"Of all the years I played at Eastern, this year was definitely the best, solely because Angus was here," said Drew. "I don't really know how to describe it, but it made the experience so much more enjoyable. It made me so much more comfortable and confident in myself because he helped me improve day to day."
In addition to lacrosse, the Deane and Fechtmann brothers played a number of other organized sports throughout high school - among them hockey, football and wrestling. Not so with the Gillottis. Born two days shy of exactly two years apart, Mike and Brendan had narrowed their focus to lacrosse by the time they were sophomores at Danbury High School.
The Gillottis were introduced to the sport by their uncle, Marty Morgan, who was involved in the youth program in nearby New Fairfield. Mike and Brendan played midfield and attack in the New Fairfield youth leagues, but Brendan switched to goalie as a ten-year-old upon joining the newly-created Danbury youth league. In those years, their father, Mike, coached the two boys, and currently serves as president of the Danbury Youth Lacrosse Association.
The lacrosse development of the Gillottis can be attributed in no small part to the proximity of their ages and their contrasting positions. With only a two-year gap in their ages, their similar skill level allowed them to test each other on even terms, without one dominating the battle. And, like the Deanes, one being an offensive player and a defensive player helped each hone their respective skills.
In similar fashion to one-on-one basketball, the Deanes and Gillotti boys spent hours before and after games and during free time, Mike refining his shot placement and Brendan adjusting his positioning and reflexes in order to stop that shot. In addition to pushing each other to new levels, these sessions - often played out in isolation - served to cement the relationship between the brothers.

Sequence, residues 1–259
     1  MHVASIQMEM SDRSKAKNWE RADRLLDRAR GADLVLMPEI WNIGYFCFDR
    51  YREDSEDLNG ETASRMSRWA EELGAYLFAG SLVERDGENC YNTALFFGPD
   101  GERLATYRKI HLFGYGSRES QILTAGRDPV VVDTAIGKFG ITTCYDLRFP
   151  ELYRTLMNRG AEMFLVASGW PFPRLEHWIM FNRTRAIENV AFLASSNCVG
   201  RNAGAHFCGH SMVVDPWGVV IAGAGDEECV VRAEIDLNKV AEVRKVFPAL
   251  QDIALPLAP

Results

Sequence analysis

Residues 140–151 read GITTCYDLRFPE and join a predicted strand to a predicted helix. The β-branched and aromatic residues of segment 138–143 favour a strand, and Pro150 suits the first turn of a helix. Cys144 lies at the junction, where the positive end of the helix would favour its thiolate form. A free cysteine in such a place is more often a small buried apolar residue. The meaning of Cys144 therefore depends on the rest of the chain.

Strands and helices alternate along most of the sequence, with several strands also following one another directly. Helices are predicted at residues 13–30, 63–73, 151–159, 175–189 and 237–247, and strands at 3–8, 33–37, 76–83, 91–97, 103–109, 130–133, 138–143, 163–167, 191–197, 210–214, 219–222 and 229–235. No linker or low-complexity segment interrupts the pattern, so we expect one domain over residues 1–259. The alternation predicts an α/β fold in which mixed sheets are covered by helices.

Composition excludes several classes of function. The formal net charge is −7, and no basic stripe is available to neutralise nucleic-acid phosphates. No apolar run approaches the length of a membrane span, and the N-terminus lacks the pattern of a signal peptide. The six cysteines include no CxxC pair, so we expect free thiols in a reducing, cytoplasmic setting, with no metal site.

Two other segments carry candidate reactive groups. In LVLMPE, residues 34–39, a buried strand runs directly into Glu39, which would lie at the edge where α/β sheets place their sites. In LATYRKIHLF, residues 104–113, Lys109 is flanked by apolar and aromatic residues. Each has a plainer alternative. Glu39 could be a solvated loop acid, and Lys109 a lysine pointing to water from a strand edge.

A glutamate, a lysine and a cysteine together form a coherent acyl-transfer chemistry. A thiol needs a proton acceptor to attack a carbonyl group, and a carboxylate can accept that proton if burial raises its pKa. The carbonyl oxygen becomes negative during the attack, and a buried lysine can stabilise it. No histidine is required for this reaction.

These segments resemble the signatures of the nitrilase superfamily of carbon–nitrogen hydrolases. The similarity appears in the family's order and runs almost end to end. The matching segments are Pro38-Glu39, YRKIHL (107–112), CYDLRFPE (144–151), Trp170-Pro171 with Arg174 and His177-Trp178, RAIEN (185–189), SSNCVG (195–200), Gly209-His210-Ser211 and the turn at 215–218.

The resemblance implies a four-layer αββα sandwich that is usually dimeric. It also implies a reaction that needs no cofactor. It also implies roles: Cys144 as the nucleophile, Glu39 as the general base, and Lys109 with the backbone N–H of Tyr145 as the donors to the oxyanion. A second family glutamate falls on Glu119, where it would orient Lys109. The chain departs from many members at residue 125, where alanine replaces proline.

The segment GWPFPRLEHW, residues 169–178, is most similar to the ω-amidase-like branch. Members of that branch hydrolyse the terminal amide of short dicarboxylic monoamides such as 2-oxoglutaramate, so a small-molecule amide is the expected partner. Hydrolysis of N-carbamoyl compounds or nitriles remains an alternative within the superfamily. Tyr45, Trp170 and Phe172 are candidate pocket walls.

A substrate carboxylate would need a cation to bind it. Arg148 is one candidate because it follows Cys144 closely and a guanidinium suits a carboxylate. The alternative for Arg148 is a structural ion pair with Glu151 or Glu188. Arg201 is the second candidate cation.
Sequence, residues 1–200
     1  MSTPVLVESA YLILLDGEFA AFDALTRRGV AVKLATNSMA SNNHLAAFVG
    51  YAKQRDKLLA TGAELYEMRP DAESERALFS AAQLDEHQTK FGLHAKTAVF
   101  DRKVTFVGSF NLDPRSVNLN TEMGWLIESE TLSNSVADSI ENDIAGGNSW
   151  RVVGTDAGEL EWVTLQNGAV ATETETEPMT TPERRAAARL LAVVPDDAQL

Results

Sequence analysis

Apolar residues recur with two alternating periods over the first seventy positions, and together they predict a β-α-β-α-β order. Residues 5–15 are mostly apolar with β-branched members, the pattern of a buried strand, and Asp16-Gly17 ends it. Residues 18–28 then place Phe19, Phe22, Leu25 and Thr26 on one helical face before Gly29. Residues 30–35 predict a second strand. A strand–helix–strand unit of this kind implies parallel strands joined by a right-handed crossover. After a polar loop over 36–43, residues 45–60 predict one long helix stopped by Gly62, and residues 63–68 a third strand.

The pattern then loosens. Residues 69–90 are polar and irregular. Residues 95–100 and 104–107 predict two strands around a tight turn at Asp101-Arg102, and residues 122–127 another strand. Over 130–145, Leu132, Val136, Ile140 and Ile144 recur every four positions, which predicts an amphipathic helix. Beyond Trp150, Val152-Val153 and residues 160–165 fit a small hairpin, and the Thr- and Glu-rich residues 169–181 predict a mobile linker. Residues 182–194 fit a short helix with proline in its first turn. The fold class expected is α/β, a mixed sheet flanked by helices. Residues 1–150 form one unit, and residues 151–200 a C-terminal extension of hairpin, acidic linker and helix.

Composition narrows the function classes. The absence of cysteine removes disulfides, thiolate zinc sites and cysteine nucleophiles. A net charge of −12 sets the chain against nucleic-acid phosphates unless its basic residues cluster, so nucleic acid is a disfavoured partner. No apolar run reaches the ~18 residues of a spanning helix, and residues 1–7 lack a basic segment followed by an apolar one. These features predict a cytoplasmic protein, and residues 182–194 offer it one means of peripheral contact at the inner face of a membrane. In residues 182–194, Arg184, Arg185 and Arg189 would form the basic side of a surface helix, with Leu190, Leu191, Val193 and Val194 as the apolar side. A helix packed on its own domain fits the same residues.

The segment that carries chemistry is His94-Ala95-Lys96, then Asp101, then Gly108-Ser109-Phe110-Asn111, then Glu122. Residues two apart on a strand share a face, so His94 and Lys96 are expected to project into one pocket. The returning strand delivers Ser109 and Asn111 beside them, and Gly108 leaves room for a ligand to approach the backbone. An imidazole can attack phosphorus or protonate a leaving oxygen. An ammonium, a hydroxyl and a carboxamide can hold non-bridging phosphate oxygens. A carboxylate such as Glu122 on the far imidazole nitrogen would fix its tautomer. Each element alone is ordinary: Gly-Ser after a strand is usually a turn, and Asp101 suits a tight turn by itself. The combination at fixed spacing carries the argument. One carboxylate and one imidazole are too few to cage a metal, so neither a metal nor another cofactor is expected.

Since they are four years apart in age, the Fechtmann and Deane brothers played only minimally together - if at all -- on the varsity level in high school. Such was not the case for the Gillottis. As the No. 1 varsity starting goalie position as a freshman, Brendan spent two full varsity seasons practicing and playing every day with Mike.
During their high school lacrosse seasons, the Gillottis were inseparable (and when they both wore their hair long, were often mistaken for each other), which made Mike's departure for college in 2010 a traumatic event in the life of the younger Gillotti. "After Mike's senior game in high school, there were lots of tears shed," Brendan admitted. "I thought, holy smokes, it's over. What am I supposed to do now?"
"Two full years as (high school) teammates helped our relationship," says Brendan. "Sharing that experience with Mike made it that much better. We stretched and squeezed every little bit out of that (final) season. We enjoyed each other's company and cherished that relationship that we had. We played sports so that we could do something together," he added. "We could have been kicking a rock down the street, but as long as we were doing it together, it made that time so much better. I could never say a bad word about my brother. I love him so much."
Mike arrived at Eastern unsure of his educational path, finally settling upon Sport & Leisure Management. For Brendan, the Youth Preparation Program at Danbury High School gave him an opportunity to receive hands-on experience in the area of physical education during his junior year. The exposure gained by the YPP program turned on a light bulb instantaneously in his head.